US 5140449 A
A doubly activated yttriuim aluminum garnet (YAG) phosphor, activated with both europium and chromium, is provided. The concentration of Eu ranges from about 1 to 5 at %, while the concentration of Cr ranges from about 0.1 to 1 at %. The YAG:Eu,Cr phosphor has a line spectrum which more closely matches the spectral sensitivity of amorphous silicon liquid crystal light valves thereby, providing more efficient use of the available energy.
1. In combination, a liquid crystal light valve including a photosensitive layer consisting essentially of a hydrogenated α-silicon photoconductor and a cathode ray tube containing a far-red emitting phosphor operatively coupled thereto, characterized in that said phosphor consists essentially of yttrium aluminum garnet activated with about 1 to 5 at % europium ions and about 0.1 to 1 at % chromium ions, based on the total cation concentration.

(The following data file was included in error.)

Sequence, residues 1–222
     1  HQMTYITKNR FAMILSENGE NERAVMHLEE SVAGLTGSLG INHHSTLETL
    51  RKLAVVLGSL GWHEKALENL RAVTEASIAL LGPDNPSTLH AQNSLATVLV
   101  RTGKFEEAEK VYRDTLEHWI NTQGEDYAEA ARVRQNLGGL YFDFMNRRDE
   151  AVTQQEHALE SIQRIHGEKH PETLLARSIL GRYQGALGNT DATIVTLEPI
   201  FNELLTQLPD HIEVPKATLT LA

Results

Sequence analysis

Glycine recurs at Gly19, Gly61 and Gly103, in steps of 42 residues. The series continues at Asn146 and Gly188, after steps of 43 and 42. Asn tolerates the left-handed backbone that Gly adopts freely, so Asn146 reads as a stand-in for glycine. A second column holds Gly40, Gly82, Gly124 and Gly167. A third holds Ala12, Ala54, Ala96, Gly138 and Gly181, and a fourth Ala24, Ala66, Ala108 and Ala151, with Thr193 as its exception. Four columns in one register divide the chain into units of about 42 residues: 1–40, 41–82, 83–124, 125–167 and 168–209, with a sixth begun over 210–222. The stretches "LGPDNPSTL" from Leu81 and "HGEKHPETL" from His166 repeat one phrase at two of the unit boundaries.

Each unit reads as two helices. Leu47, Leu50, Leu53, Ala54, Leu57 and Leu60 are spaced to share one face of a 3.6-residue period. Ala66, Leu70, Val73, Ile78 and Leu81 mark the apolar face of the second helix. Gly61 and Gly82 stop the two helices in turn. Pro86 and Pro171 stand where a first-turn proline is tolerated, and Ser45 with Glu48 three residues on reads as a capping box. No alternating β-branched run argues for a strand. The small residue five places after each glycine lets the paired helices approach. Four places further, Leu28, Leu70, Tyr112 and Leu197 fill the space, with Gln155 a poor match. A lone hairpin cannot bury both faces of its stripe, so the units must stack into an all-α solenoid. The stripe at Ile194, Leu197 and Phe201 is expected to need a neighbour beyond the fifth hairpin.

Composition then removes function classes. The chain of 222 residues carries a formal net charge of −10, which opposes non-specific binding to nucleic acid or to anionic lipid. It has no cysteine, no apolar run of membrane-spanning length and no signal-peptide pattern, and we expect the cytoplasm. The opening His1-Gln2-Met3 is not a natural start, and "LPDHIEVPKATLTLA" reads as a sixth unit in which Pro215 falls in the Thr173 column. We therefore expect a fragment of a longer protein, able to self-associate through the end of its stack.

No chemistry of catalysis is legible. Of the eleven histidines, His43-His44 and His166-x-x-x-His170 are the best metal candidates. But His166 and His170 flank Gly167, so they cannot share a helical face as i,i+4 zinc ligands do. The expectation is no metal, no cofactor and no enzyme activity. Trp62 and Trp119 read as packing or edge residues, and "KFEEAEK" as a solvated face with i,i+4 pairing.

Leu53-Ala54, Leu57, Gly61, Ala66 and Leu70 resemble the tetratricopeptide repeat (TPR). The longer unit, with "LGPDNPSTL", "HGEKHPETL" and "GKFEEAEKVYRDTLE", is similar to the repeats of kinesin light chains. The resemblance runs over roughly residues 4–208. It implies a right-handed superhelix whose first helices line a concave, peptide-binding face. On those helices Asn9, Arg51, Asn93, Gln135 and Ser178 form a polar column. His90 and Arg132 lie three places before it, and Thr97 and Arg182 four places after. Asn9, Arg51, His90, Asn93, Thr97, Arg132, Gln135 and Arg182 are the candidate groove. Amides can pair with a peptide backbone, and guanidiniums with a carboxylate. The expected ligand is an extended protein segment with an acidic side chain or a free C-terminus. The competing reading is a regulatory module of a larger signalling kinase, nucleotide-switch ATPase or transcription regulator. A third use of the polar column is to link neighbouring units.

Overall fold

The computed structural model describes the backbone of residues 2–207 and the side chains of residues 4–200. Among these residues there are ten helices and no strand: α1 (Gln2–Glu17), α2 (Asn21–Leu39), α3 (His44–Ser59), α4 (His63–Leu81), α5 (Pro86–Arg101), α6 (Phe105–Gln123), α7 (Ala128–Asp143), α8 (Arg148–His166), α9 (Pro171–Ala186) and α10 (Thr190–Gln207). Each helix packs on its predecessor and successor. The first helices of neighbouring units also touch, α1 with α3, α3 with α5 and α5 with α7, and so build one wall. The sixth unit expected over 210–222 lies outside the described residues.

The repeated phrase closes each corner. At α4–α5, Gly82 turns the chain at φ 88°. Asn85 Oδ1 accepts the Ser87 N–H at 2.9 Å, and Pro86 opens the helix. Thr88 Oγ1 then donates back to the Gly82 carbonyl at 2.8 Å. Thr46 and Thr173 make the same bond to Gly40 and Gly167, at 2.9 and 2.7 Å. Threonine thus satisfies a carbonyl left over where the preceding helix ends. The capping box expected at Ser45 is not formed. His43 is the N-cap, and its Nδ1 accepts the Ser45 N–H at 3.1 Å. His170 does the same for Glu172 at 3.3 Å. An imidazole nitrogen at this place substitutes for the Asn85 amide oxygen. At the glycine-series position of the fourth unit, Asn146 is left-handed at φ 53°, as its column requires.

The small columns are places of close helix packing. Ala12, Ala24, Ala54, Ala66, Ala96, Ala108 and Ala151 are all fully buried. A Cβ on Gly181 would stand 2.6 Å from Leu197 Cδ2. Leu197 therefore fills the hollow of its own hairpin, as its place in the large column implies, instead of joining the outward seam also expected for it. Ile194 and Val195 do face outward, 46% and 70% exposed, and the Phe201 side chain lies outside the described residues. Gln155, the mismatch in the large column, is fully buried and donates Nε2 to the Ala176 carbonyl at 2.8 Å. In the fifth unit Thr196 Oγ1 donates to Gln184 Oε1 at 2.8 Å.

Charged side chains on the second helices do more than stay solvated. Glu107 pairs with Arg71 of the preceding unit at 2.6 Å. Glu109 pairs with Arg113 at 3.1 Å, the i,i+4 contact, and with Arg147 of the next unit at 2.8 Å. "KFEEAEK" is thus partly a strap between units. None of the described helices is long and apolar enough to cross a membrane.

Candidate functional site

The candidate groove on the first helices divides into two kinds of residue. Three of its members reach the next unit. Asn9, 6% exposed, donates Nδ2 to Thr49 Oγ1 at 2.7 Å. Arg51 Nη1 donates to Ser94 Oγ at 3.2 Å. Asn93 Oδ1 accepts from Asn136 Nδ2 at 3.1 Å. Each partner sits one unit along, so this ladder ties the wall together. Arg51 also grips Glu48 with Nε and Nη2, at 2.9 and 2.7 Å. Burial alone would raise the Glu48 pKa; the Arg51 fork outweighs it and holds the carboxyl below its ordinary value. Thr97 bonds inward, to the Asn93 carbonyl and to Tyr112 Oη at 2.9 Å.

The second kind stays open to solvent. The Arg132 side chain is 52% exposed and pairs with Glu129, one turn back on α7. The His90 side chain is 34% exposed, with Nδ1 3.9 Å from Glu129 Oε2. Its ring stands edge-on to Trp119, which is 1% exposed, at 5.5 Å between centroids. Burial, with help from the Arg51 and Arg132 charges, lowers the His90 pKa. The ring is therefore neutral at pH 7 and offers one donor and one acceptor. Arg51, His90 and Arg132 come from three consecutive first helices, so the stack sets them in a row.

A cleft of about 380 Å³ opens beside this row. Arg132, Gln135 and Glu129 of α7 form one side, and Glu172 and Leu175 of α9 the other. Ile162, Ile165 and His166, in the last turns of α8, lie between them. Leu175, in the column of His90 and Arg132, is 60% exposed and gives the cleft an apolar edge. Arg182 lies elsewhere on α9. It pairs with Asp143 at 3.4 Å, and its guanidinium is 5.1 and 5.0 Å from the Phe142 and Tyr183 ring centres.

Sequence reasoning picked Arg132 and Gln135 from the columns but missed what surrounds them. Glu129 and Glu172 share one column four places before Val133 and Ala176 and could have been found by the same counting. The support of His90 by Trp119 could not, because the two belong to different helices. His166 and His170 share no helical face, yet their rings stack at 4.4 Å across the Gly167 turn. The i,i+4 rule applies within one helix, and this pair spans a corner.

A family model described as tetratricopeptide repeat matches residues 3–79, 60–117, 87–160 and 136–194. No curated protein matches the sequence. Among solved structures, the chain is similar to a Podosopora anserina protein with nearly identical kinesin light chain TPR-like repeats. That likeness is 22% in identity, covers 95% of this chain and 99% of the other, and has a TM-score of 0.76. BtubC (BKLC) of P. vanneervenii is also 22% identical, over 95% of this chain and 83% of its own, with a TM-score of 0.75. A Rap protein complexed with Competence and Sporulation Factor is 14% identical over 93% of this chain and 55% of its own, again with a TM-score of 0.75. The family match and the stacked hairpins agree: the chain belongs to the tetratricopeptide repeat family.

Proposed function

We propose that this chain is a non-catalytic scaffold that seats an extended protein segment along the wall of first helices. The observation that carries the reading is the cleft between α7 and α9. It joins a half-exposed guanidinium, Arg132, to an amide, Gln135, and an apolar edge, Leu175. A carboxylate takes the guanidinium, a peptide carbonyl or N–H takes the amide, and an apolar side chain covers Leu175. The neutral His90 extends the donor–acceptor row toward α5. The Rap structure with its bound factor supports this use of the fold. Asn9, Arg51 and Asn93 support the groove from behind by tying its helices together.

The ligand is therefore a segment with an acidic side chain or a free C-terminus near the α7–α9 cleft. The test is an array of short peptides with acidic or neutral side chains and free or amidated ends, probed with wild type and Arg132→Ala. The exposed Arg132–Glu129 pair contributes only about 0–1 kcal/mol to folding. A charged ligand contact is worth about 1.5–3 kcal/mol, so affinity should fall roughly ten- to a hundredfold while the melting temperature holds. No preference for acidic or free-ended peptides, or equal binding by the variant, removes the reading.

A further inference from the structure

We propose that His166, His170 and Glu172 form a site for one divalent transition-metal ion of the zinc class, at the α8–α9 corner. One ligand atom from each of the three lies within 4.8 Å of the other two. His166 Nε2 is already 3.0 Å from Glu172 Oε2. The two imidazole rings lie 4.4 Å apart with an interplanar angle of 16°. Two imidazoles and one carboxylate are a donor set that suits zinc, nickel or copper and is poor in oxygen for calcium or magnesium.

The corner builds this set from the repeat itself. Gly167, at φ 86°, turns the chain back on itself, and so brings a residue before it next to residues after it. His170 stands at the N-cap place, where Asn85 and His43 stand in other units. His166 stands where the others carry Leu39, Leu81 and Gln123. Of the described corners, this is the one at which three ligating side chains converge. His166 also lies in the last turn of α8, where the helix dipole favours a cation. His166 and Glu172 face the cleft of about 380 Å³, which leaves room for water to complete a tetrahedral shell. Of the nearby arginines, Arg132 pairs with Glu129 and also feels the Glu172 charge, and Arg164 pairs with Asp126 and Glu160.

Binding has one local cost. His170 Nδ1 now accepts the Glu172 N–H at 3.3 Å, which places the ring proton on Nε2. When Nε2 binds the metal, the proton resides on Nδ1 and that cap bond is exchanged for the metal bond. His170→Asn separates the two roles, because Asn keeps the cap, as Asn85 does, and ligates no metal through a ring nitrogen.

2. The combination of claim 1 wherein the amount of chromium ions is about 0.25 at %.
3. The combination of claim 1 wherein said phosphor has an average particle size of less than about 6 μm.
This is a division of application Ser. No. 708,551, filed May 31, 1991, now abandoned.
1. Field of the Invention
The present invention relates to phosphors used in cathode ray tubes for liquid crystal displays, and, more particularly, to yttrium aluminum garnet phosphors.
2. Description of Related Art
Phosphors used for addressing the amorphous-silicon in the Hughes liquid crystal light valve (LCLV) must meet the following conditions:
Spectral output as closely matched to the amorphous silicon (α-Si) response as possible;
Maximum radiant energy output in the spectral range of interest;